Muchaneta Chimuka Senior Reporter
SINCE the outbreak of Covid-19 in Zimbabwe, life has never been rosy for many people with disabilities as they fail to cope with the current living conditions, which have proven difficult.
Jameli Bakali (53) of Epworth who had her eyes plucked out because of cancer says she is struggling to make ends meet.
She now begs from a pavement near Ok Julius Nyerere.
“People who come to buy their groceries assist me with food but it’s rare to be given money to buy items that I need,” she lamented.
She has no radio at home but has heard people talking about Covid-19 being in Zimbabwe.
“I just heard people saying that there is corona virus, but I did not get enough information. I did not learn on how to use braille so even if the information is available, I cannot access it.
“I was already grown when I became blind, but I am eager to learn braille if resources permit. I love reading,” she revealed.
Bakali said she cannot practice social distancing as she needs assistance from strangers who hold her hands to and from her vending place.
“From Epworth to the central business district I can be assisted by more than five people to cross the road. At times, I move alone. I used to see but I was diagnosed with cancer of the eyes some years back. Both my eyes were removed at Parirenyatwa Group of Hospitals Cancer Unit.”
She said she survives from begging and is worried that the cancer cells are returning at a time Covid-19 has made life harder.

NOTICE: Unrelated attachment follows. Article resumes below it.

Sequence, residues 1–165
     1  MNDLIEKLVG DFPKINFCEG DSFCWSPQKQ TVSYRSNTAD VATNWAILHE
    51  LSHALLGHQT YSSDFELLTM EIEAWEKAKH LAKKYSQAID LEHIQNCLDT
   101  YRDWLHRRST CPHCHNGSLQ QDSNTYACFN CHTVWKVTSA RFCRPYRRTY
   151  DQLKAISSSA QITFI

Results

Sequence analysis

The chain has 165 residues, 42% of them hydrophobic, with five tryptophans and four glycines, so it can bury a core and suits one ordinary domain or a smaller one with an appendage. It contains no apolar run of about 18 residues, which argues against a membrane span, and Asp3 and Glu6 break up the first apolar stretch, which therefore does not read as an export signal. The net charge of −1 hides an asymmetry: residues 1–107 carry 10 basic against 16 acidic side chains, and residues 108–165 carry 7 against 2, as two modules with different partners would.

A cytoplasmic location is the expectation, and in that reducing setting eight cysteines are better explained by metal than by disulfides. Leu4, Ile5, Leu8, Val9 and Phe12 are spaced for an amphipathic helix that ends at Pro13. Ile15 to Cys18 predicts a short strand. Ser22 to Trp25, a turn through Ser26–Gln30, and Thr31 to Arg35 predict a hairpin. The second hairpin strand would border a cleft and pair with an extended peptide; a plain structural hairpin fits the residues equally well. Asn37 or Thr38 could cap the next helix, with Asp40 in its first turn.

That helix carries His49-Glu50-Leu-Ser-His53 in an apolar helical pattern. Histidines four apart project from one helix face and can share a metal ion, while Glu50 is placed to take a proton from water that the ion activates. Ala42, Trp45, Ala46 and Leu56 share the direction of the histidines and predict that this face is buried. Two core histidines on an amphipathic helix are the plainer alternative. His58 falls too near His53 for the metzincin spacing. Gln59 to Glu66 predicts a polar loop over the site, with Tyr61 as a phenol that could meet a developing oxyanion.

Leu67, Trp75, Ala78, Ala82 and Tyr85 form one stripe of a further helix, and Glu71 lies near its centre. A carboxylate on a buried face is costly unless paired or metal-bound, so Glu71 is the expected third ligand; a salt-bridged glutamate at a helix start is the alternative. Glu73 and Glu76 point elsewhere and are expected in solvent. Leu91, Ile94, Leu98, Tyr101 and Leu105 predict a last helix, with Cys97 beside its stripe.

“The cancer cells are still growing and I need consistent check-ups, but due to Covid-19 no well-wishers are willing to assist with money. I am forced to use salt and water solution to relieve pain and the holes are growing bigger,” she said.
Domestic violence in the streets does not spare her.
“Some street children often come to my begging place with papers which they put inside the holes on my eyes. They even steal some of the money and goodies that I receive from well-wishers making my life more difficult. They scold me using vulgar language. At one time, I was seated at my old vending site at near Cobacana when a man came and dragged me. He wanted to sexually abuse me at the Harare Gardens and I had to scream until some people assisted me. I pray that one day if I happen to have a business at home like selling, I will not set my foot in the CBD,” she said.
Meanwhile, Daniel Gonora a blind street singer is failing to make ends meet after his business was cut short due to Covid-19.
He relied on street shows in the CBD but cannot perform due to Covid-19 movement restrictions.